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The etiquette of prostitutes on a rural Spanish road

Back in the spring time I spent a couple of months staying at my mum’s house in the Valencian countryside. The experience taught me a lot. Such as how I enjoy the sensation of exchanging pleasantries with complete strangers. Who knew? I certainly didn’t before arriving in Spain. Allow me to take you there now, to a sparsely populated stretch of land, not far from the town of La Hoya, between the city of Elche and the Mediterranean coast, by way of a journal entry written on the day that it happened:

Out here I don’t see many other people and can sometimes walk for a couple of hours at least without coming across another human, not when I’m wandering about in the fields anyway, but occasionally I slip away from the fields to cut across the only road for miles around, that connects the city of Elche with the coast, and although the road is more often than not dead, it is still the place of work for prostitutes, who sit by the side of the road on a little chair under an umbrella, reading a book, and when they’re ‘busy’ their book awaits their return on top of their empty seat. There is one of these girls approximately every mile. Eastern European or South American. And these girls know not to take me for a potential customer as I approach them – I haven’t got a car, for a start. Plus I like to think they recognise me as someone who wouldn’t have to pay for sex. Ha! he says modestly! More likely they take a quick look at me and come to the conclusion that I couldn’t afford it – I’m just a scruffy thinking man, wandering about in his mind. And I have to squeeze by these girls at the side of the road, and I always do so in silence and with my eyes averted to the ground. And just the same, these girls completely ignore me. It is as if we don’t acknowledge each other’s existence. But obviously we do, or at least I do, or I wouldn’t be writing about it. I carry on walking. She carries on reading. Even though we are the only two people for miles around, seemingly we would rather be the only person singular for miles around.

I passed one of these girls a little while ago, South American woman, and we said nothing, standard, and then I took another path that led me back into the wilderness, and I started thinking about how sad it was for two humans to just blank each other like that out here in the middle of nowhere, and how a simple ‘Hola’ wouldn’t take too much effort. And then I couldn’t stop thinking about it. I wanted desperately to exchange greetings with someone. Just briefly, passing in the day. I don’t want to disturb anyone’s life with idle chit-chat. Just to say hello, to acknowledge someone, to have someone acknowledge me. But it’s not like I could go back to the road now. That’d just be weird. If I walked all the way back to that particular spot of road where that South American woman sat under her umbrella, reading, and I went up to her and simply said ‘Hola.’ She’d just look up at me.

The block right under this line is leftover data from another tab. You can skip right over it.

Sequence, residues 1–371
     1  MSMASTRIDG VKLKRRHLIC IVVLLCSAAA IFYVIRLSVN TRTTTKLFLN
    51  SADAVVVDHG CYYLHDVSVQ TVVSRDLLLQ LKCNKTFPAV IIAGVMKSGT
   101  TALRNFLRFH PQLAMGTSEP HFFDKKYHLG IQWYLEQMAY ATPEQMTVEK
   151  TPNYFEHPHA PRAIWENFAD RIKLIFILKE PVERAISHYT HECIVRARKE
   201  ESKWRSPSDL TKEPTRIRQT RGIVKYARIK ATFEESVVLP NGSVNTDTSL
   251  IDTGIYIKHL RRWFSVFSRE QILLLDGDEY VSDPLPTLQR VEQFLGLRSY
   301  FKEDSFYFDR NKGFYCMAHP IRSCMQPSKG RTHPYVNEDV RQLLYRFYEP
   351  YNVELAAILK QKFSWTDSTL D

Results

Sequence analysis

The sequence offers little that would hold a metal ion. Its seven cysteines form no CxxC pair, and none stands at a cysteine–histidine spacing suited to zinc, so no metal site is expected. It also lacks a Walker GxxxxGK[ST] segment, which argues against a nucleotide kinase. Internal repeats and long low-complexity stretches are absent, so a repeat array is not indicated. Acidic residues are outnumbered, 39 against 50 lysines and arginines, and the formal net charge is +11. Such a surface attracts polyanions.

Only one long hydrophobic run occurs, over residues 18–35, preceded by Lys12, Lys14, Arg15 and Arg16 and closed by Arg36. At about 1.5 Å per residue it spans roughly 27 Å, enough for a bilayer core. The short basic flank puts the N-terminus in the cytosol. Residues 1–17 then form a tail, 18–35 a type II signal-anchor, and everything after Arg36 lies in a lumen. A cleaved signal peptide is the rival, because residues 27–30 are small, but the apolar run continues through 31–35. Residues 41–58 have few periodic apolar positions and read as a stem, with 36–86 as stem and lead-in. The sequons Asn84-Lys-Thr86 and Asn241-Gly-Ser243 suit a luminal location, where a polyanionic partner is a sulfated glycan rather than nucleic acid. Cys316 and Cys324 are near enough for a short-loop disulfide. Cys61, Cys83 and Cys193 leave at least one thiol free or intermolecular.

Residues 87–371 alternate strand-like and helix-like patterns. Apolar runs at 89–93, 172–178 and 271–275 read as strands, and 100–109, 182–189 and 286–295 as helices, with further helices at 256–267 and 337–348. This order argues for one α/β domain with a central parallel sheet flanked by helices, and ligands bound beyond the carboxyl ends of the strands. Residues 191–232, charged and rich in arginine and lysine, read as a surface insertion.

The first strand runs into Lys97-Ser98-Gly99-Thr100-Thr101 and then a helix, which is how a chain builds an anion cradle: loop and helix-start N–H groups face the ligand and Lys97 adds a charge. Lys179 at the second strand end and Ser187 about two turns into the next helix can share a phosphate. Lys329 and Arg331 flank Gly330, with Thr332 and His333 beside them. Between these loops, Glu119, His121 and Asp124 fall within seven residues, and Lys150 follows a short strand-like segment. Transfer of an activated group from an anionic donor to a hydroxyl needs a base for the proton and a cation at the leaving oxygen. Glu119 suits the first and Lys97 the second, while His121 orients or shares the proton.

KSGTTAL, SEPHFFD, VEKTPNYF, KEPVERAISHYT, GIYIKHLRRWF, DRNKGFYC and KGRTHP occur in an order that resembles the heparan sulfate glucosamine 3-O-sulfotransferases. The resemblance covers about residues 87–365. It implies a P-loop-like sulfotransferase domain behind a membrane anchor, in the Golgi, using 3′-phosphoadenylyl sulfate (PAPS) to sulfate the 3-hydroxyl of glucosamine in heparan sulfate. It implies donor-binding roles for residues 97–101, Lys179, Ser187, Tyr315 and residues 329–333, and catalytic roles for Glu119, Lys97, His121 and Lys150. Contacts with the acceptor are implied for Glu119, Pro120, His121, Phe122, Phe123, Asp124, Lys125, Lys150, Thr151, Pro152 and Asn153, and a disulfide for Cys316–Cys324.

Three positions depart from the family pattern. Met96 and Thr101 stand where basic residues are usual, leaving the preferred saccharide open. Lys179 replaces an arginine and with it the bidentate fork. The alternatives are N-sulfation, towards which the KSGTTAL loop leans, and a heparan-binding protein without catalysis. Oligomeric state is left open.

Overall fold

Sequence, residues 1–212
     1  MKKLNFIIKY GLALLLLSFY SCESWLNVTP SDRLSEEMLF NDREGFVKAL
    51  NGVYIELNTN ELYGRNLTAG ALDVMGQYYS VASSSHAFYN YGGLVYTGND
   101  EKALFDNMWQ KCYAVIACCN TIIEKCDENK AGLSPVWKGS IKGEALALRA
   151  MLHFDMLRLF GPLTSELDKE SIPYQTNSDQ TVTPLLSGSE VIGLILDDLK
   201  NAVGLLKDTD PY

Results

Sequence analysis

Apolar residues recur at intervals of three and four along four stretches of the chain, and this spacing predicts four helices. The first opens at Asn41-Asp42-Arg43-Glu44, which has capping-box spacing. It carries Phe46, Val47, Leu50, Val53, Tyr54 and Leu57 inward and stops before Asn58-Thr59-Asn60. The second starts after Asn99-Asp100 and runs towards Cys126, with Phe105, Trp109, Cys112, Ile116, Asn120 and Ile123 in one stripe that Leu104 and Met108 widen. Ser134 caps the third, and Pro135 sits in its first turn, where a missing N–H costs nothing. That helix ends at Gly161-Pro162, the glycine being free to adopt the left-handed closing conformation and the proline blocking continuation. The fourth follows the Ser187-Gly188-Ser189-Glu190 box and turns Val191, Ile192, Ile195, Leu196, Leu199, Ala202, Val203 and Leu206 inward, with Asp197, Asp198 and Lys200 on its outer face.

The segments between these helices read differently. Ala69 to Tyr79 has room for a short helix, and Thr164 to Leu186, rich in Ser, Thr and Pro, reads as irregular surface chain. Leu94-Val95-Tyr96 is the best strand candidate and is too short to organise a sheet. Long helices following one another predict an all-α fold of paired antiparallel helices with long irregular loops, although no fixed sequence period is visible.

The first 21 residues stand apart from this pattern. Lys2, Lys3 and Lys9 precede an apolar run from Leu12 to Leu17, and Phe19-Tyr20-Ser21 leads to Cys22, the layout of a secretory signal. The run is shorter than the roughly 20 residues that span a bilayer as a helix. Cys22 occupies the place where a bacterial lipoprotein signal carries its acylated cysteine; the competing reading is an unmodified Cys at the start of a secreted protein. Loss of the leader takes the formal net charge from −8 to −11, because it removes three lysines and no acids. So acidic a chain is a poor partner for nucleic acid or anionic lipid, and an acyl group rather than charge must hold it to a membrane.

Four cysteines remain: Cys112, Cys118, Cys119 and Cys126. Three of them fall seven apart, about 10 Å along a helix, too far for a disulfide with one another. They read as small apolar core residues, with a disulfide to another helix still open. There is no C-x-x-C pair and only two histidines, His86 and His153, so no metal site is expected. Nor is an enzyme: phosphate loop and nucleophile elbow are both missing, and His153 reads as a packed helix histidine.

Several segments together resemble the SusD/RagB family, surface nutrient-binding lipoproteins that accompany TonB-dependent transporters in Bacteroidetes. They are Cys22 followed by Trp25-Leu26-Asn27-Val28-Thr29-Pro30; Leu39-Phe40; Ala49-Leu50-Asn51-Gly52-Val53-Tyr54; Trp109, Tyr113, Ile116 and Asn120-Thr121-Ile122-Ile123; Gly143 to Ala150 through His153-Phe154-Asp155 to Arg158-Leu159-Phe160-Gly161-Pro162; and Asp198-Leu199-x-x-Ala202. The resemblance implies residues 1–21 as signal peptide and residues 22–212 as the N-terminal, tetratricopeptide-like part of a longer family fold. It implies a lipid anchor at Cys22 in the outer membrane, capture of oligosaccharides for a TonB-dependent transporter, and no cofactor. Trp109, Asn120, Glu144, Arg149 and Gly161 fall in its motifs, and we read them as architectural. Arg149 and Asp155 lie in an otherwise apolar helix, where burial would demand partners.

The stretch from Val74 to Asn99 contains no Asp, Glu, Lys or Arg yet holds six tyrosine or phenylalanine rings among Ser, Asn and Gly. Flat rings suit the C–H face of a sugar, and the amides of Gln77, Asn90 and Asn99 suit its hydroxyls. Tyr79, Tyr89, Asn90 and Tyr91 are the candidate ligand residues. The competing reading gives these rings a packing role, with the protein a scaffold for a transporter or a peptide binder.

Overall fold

‘Yes? Can I help you? Do you want something?’

‘No, that’s all. Just wanted to say hello. Nothing more.’

‘Oh. Right. Well, would you mind fucking off now please, you’re having a detrimental effect on business.’

‘Ah, yes, of course. Right you are. Bye then.’

And if then I just walked back off into the distance. No, that would just be plain wrong! Plus I’m not sure she would express herself as eloquently as I just imagined. And if she had, in Spanish, I’d have struggled to understand.

So I just carried on walking deeper into the fields, until up ahead in a field to my right I spied a shepherd with his black and white dog, herding together a flock of goats. I am not sure that flock is the correct collective noun for goats. This old farmer was the most sun-dried man I have ever come across. Looked like a raisin on legs. And as I approached him I thought ‘Right, I’m gonna do this,’ and as I got to within earshot I waved my arm high into the air and shouted ‘Hola!’ as enthusiastically as I could. Well if you’re going to do something you may as well do it properly.

And a wonderful thing happened. This human, this shepherd, this Spanish raisin, raised his arm and shouted twice as loudly as I had ‘Hola amigo!’ And I thought Yes! Yes! This man and I are friends. Amigos. He said it himself, didn’t he? And it felt good. So then I thought right, when I pass that woman on the way back across the road I’m going to say hello. Or hola. Breaking down barriers!

But when I walked past there an hour ago there was just a book sitting on a chair under an umbrella.

Kris Mole’s book ‘Gatecrashing Europe’ – where he freeloads his way around an otherwise expensive continent – is published by  And there’s more about him at Smashwords. Follow him on twitter at @KrisMole.

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